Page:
To me, robotic surgery is the most exciting type of minimally invasive surgery for children, because it allows me to perform surgery that we have been doing for many years. But now we are able to perform this surgery using the robot and tiny incisions.
The scars after robotic surgery are very small and often disappear over time. Robotic surgery in children leads to shorter hospital stays and a reduced need for pain medication after surgery, and the recovery time following robotic surgery appears to be faster than with traditional surgery, which allows children to get back to school faster, and parents to avoid taking too much time off from work.
Over nearly a decade of treating children and performing several hundred robotic surgieries in children, I have seen countless patients and parents who are happy that we were able to provide robotic surgery, since this usually meant that they only spent one night in the hospital.
While we recommend only light activity for the 1st few weeks after surgery, one teenage patient mentioned that she even went dancing only a few days after surgery (I don’t recommend this). Another young patient and her 11-year-old sister opened a lemonade stand to raise money for the hospital since they were pleased that the hospital offered this latest technology.
Some of the most common conditions that we treat with robotic surgery are:
- Kidney blockages, which are also called UPJ obstruction, or ureteropelvic junction obstruction. This is also can be called hydronephrosis, or “water in the kidney.”
- Vesicoureteral reflux, which is backwards flow of urine from the bladder back up to the kidney. This can also be treated with robotic surgery with equivalent success rates as open surgery, except that we can do this with tiny incisions instead of a large open incision.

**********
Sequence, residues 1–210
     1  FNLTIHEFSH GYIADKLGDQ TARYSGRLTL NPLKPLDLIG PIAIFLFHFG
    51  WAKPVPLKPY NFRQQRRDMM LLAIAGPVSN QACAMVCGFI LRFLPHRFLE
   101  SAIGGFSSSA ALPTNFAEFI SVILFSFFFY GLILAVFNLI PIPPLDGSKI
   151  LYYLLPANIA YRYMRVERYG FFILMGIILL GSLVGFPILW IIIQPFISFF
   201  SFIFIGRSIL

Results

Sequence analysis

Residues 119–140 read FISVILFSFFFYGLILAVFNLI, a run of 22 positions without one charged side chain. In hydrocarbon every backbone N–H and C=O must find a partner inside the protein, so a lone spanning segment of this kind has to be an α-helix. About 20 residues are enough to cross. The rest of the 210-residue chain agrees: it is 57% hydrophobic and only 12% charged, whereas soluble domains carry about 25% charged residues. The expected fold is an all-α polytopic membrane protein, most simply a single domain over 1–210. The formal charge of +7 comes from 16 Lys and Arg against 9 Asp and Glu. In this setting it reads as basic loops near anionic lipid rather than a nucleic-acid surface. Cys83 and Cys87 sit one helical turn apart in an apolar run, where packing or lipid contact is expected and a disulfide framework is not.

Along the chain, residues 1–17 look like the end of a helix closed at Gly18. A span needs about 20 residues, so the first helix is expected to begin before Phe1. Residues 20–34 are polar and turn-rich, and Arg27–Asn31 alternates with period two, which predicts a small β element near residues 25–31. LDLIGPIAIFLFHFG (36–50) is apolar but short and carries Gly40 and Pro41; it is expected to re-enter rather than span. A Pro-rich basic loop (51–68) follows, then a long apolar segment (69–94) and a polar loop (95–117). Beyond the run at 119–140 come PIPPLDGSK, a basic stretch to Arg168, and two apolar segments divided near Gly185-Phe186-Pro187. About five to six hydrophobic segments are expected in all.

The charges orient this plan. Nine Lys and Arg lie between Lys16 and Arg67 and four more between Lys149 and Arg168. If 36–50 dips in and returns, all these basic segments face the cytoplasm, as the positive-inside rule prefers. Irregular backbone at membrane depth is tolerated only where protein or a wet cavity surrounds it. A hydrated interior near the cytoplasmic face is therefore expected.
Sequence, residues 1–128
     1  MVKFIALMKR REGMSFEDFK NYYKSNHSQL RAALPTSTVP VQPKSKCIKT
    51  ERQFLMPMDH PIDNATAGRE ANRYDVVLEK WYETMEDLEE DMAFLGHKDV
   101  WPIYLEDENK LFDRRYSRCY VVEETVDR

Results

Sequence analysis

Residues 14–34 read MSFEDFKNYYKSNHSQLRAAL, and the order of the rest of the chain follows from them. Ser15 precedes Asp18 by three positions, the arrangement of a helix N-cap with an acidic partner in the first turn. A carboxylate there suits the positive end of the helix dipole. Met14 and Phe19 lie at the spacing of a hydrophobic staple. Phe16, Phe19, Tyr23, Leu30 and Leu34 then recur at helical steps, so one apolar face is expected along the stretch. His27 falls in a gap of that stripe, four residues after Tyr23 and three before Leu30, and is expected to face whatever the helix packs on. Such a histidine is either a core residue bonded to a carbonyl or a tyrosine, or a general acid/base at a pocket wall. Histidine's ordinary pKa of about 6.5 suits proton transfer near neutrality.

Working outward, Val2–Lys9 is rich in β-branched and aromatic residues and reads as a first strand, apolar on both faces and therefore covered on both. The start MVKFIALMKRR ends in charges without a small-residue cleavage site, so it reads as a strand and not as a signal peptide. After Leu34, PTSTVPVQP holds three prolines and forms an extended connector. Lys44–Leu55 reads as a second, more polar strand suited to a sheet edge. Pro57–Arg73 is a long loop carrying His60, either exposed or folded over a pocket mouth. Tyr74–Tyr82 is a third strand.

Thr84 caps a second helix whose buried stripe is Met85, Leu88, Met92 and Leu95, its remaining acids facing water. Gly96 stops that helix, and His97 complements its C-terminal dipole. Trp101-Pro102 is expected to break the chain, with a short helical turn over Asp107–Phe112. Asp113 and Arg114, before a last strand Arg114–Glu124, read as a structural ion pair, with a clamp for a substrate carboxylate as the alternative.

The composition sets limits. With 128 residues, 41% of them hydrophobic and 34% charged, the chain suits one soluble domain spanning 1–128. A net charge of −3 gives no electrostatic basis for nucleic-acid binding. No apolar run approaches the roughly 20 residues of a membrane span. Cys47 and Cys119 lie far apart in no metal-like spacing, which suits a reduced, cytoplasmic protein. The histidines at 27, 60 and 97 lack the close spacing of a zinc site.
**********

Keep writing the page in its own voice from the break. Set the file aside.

- Kidney removal (complete or partial), where the kidney doesn’t appear to be working well.
After each robotic surgery, I still marvel at the technology, since we are performing these delicate surgical procedures inside the body but without making the usual larger incisions to get to the surgical area, such as the kidney. We are able to perform delicate surgical maneuvers with unmatched precision with the use of the robot, and this is especially for surgeries in children where we have small parts to work with.
Robotics improves upon the more traditional laparoscopic surgery, in which surgeons use handheld instruments passed through small incisions and view flat images of the patient’s anatomy on a standard video monitor. With robotic surgery, we have the advantages of higher precision and dexterity and high-resolution 3D images of the surgical field that are magnified to 10 times what the human eye can see.
The robotic system translates all of my hand, wrist and finger motions into the movement of surgical instruments, since I have full control of the robotic arms. It feels as if I’m operating with my own hands, and hence we are able to have greater surgical precision and decreased chance of human error.
Robotic surgery does represent the latest generation of laparoscopic surgery, and continues to be a good choice for pediatric patients due to its benefits and minimal side effects.
This is an expensive machine, and thanks to the generosity of supporters of Texas Children’s Hospital and the hospital administration, we were able to bring the robot to the Texas Children’s Hospital this past summer. With our experienced team, our patients have been getting robotic surgery for their surgeries, and usually going home the next day after surgery.
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